Ultimately, a frustrated Griffin asked, "Who is in charge of this?"

"Turn it off," he said, referring to Flowers' microphone.

Griffin then told senators, "Ask a question [and] keep your mouth shut until the answer is done, but let's act like adults."

Two weeks ago, the Senate voted to censure Flowers for a disparaging remark that she made about Sen. Trent Garner, R-El Dorado. The Senate then voted to keep her from participating in committee meetings for three days as punishment.

Flowers had called Garner, who is white, "a dumbass" before the Senate defeated a resolution that one of its sponsors said was aimed at commemorating the role Black people played in American history, though opponents said the resolution was partisan and included misinformation.

She made the remark as Garner spoke from the well of the Senate about an unrelated resolution that he had sponsored. Flowers had interrupted Garner because he was not speaking on the resolution being debated.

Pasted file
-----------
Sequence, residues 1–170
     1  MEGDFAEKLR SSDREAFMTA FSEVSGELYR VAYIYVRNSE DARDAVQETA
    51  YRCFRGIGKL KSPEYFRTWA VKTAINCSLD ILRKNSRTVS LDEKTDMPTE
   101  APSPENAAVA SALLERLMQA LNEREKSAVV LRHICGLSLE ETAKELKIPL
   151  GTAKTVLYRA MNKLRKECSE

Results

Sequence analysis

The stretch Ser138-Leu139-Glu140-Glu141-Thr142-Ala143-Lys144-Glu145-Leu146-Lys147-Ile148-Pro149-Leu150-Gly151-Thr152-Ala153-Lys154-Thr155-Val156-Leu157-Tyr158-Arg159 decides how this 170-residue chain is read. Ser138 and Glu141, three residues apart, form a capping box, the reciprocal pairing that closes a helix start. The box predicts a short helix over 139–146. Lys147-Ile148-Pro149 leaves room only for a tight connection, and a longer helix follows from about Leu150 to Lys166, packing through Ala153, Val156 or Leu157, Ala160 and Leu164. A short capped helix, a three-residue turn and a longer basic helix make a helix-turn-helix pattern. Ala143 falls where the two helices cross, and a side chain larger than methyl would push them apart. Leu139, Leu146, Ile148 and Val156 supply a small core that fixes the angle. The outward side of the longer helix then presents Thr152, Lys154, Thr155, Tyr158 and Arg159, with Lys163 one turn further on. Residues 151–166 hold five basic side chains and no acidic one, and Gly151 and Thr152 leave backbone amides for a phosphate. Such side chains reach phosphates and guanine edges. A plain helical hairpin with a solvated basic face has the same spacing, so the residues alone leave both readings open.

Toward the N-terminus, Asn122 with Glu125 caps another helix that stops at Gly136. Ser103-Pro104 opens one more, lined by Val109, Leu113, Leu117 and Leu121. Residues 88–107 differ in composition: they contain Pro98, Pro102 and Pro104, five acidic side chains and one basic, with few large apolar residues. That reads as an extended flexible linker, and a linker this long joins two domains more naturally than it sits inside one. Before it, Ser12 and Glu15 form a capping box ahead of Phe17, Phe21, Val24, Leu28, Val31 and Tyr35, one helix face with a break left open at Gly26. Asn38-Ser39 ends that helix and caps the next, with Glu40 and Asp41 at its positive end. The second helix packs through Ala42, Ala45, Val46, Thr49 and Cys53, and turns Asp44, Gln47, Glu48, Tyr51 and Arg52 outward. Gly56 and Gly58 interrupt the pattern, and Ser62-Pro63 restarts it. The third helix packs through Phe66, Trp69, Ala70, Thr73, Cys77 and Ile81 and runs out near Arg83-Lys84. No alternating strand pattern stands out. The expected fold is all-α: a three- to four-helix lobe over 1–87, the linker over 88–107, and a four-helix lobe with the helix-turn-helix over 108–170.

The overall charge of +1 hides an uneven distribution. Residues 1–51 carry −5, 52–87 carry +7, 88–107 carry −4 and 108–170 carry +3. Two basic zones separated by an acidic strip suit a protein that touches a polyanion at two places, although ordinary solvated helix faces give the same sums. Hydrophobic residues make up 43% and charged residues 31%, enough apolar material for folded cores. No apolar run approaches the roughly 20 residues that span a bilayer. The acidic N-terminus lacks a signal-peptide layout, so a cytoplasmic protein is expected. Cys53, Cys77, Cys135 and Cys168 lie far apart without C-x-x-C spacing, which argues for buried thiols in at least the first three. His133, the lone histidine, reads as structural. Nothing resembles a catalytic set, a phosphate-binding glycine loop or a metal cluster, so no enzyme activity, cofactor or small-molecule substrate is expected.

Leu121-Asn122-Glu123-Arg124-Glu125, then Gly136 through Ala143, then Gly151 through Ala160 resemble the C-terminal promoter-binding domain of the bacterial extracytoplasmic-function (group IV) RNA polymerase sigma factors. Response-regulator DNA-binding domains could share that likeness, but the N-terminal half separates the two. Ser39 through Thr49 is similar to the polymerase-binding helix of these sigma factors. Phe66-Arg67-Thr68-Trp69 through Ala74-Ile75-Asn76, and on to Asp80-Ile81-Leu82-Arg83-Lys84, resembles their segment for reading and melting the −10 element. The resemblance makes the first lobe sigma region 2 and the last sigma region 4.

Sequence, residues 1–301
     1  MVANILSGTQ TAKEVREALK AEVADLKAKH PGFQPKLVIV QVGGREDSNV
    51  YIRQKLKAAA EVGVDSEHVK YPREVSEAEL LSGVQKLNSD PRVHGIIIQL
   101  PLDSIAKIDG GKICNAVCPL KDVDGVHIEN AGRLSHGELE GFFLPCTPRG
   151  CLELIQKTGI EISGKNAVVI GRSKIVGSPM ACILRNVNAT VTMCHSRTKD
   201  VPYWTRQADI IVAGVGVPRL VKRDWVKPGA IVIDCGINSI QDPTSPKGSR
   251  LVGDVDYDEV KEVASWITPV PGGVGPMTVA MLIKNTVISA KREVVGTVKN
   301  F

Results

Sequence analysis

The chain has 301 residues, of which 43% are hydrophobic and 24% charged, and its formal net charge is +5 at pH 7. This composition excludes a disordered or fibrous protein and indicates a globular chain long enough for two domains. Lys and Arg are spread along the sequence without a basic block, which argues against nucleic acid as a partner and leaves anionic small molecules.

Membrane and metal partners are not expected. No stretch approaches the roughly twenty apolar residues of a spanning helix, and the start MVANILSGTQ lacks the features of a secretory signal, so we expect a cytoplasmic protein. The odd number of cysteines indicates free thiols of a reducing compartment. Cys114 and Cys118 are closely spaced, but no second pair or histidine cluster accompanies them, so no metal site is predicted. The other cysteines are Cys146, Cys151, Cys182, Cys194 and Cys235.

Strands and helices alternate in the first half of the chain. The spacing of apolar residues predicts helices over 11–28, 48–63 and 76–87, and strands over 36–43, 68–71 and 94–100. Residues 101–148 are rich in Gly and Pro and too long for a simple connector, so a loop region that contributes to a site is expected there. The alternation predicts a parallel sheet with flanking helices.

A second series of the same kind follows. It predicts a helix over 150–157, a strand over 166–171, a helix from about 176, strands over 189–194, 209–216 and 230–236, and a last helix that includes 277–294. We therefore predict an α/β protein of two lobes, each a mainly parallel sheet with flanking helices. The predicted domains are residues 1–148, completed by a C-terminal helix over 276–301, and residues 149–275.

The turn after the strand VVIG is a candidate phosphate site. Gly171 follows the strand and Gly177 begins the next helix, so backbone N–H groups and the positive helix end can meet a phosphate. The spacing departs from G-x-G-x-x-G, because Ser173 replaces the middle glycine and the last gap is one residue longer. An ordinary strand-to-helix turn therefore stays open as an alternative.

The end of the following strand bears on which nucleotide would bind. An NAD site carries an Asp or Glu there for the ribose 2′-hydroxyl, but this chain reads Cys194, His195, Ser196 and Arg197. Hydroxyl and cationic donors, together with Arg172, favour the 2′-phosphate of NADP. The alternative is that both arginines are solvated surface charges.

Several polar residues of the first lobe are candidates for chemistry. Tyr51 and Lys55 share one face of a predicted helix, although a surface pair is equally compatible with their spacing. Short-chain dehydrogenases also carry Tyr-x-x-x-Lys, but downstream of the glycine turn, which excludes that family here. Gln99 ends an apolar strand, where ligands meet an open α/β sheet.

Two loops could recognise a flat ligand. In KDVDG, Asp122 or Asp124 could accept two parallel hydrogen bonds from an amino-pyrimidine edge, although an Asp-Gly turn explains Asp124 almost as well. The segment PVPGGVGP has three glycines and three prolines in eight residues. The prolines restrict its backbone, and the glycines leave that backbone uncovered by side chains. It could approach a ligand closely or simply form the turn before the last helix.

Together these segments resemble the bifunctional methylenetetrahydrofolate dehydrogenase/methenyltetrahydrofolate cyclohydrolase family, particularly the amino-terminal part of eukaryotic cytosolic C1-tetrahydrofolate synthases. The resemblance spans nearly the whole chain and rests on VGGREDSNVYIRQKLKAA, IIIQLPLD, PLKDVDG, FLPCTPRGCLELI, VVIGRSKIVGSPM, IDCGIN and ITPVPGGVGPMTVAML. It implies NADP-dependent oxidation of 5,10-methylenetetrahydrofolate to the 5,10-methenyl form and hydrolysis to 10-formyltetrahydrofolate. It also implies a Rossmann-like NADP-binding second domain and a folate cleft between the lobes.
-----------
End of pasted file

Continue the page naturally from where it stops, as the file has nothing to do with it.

In March 2019, then-Senate President Pro Tempore Jim Hendren, now an independent from Sulphur Springs, quashed any thought about censuring Flowers over her angry remarks on a controversial stand-your-ground bill that failed to clear the Senate Judiciary Committee.

In that year's legislative session, Flowers' temper flared as she spoke in committee against legislation proposed by Sen. Bob Ballinger, R-Ozark, that would eliminate a "duty to retreat" from Arkansas' self-defense law.

Flowers had used several profanities and responded to an order to stop by the committee chairman, Sen. Alan Clark, R-Lonsdale, by asking, "What the hell are you going to do, shoot me?"

Flowers had directed part of her ire at Ballinger and Garner, and they subsequently used several Twitter posts to push back against Flowers' remarks.

Flowers' remarks were viewed more than 10 million times on the internet that week after the Senate Judiciary Committee meeting.